Golf is also a great way to teach sportsmanship.  It's a gentleman's game.  Basic rules of conduct for golf flow beyond the sport and often make the aspiring golfer a better person all around.  For example, when speaking of sportsmanship in golf one day Mark Twain made the comment, "It's good sportsmanship not to pick up lost balls while they are still rolling."  Words to live by.  Good sportsmanship indeed.  Many people find golf to be habit forming and the advice of Harry Vardon can be an encouragement to the golfer who is struggling with golf as an addiction.  "Don't play too much golf.  Two rounds a day are plenty." 

Inevitably, honesty is an issue that arises many times as one traverses the course on a fine summer afternoon.  As Bob Hope put it, "Isn't it fun to go out on the course and lie in the sun?"  Harry Vardon stated, "If your opponent is playing several shots in vain attempts to extricate himself from a bunker, do not stand near him and audibly count his strokes.  It would be justifiable homicide if he wound up his pitiable exhibition by applying his niblick to your head."  If you don't know what a niblick is, Google it.  Many golfers take offense to the stereotype of the dishonest golfer.  "I do too play in the low 80's.  If it's any hotter than that, I won't play."  Paul Harvey described golf as "a game in which you yell 'fore', shoot six, and write down five."  The golfer's pencil has been described as the most valuable wood in the golfer's bag.  A fail proof tip for taking shots off of your score?  Use an eraser.  But I digress...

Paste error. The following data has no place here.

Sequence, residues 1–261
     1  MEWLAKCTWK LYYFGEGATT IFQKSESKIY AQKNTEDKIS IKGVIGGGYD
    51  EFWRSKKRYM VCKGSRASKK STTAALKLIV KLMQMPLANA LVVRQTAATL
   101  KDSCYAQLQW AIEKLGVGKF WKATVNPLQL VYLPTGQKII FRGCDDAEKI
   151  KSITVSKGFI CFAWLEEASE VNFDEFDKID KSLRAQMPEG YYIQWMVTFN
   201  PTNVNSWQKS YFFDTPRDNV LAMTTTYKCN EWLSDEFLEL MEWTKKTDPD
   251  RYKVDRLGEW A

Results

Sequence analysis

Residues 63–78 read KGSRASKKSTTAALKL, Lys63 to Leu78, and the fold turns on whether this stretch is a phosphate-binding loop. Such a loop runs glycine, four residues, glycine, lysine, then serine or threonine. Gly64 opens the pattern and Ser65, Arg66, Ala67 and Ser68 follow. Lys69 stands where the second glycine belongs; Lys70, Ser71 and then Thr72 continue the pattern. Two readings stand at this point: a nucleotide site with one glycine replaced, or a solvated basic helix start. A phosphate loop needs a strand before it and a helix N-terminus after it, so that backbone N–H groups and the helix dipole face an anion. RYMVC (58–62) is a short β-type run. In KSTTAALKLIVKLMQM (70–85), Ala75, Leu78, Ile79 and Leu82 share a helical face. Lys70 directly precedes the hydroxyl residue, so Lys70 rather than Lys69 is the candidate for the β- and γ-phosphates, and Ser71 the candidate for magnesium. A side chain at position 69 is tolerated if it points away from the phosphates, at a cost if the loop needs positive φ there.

Golf has spawned it's own language and culture.   Opinions have been written, self-help books on golf published.  It's an endless black hole of advice and wisdom at the golfer's fingertips!  Henry Beard wrote that "Duffers who consistently shank their balls are urged to buy and study Shanks - No Thanks by R.K. Hoffman, or in extreme cases, M.S. Howard's excellent Tennis for Beginners."  Are you having problems with your drives?  Blame your equipment!  There are limitations to the equipment blame game, however.  Robert Browning in A History of Golf made the keen observation that "The trouble that most of us find with the modern matched sets of clubs is that they don't really seem to know any more about the game than the old ones did."